art ~ spirit ~ transformation
e*lix*ir

e*lix*ir   #12
Ridvan 2021
Voices of Iran
 

TABLE OF CONTENTS


Editorial

The Intimacy of Art

The Writing Life

‘I Go to Paper’: A Conversation with Ruth Forman by Andréana Elise

Poetry

Anthony A. Lee

Translations

“If I Should Gaze Upon Your Face” by Tahirih
Chinese translation by Zijing Pan DiCenzo

Essays

In the Noble, Sacred Place: One Rainy Day in a Holy City by Sandra Lynn Hutchison

Interviews

Anne Gordon Perry on Writing for Film

Personal Reflections on Bahá’í Texts

O Nightingales of God! by James Braun

Artist Profile

Benjamin Hatcher, Dancer by Joyce Litoff

Art

Nadema Agard
Beth Yazhari

Comic

Ruhi & Riaz by Solmaz Haghighat

Voices of Iran

The Cherry Orchard by Paria Bakhshi
A Wedding in Prison by Melika Rezvani

Looking Back on Books

In the Eyes of His Beloved Servants: The Story Behind the Stories by J. Michael Kafes
How One Jewish Woman Poet Remade the Wor(l)d: Alicia Ostriker’s The Little Space: Poems Selected and New (1989-1996) by Sandra Lynn Hutchison


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The Cherry Orchard

by PARIA BAKHSHI

My great-grandfather was a mullah for five years. After his marriage to my great-grandmother, who was a Bahá’í, he had a dream about the Báb. He became a Bahá’í afterward. However, such a change in a mullah was not acceptable to his Muslim friends and neighbors. As a result, most of the people who lived in their aderun turned into enemies.

My great-grandfather was a shoemaker at the time, so the neighbors hatched a plot to throw the leather he worked with into the water. Eventually, he had to abandon his trade. The persecution continued until my great-grandfather and great-grandmother decided it was time to move and went to Shemiran. In Shemiran, my great-grandfather got a job as a secret policeman; still, he could not make ends meet, so he started repairing shoes at night. As time passed, the people of the new neighborhood found out that my great-grandfather was a Bahá’í and they, too, began to persecute him.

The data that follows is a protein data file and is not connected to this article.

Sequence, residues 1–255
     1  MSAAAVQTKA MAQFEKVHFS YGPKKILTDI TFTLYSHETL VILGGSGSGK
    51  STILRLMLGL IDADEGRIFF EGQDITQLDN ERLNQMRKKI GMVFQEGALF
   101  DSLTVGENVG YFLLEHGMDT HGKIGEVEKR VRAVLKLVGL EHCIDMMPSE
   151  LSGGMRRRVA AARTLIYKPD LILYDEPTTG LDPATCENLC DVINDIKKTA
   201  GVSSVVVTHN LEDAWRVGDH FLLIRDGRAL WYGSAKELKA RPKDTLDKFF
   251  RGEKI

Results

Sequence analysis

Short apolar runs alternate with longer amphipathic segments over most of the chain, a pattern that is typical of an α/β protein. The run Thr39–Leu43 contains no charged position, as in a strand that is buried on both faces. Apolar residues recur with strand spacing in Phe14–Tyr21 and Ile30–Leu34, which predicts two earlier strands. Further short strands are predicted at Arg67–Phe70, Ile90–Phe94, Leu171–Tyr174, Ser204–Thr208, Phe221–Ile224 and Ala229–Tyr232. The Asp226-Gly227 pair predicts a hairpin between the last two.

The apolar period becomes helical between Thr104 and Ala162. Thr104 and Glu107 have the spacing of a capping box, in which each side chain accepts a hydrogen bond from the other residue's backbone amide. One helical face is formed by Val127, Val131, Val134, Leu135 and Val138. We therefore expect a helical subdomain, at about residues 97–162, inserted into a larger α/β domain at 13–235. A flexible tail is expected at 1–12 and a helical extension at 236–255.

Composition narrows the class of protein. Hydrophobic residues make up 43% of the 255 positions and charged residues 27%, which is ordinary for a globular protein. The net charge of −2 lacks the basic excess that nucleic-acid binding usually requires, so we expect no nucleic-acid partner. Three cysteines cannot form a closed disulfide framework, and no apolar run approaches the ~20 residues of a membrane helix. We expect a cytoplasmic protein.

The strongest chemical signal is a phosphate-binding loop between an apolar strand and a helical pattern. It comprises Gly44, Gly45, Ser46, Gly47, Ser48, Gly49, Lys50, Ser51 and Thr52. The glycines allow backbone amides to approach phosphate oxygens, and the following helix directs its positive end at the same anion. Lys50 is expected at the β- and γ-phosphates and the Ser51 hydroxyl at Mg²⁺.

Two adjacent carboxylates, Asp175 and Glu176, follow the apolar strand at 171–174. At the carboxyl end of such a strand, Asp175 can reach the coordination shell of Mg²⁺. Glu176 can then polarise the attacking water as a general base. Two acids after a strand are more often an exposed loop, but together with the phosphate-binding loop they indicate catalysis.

One day, some of the neighbor women came to my great-grandmother’s door and said: “Our husbands are going to kill yours! They are waiting for him on the bridge your husband always crosses.” “God will save him,” my great-grandmother replied. “I am certain!” Still, she was shocked and also worried about her husband. Soon after giving this warning, the women left.

All alone in the house, my great-grandmother started to pray. She cried and prayed for almost an hour. Then she heard a knock at the door. When she opened the door, there stood her husband! My great-grandmother told him what the women had said. He was amazed, because that day, he had had a craving for cherries so he had changed his route in order to visit the cherry orchard. He had never crossed the bridge that day. By means of a yearning for cherries, God had saved his life.

My great-grandfather never forgot this close call, and always reminded himself of it when he needed reassurance that God’s help would surely come to those who are oppressed — and sometimes in unusual ways. The incident strengthened his faith so much that he was not afraid of anything ever again.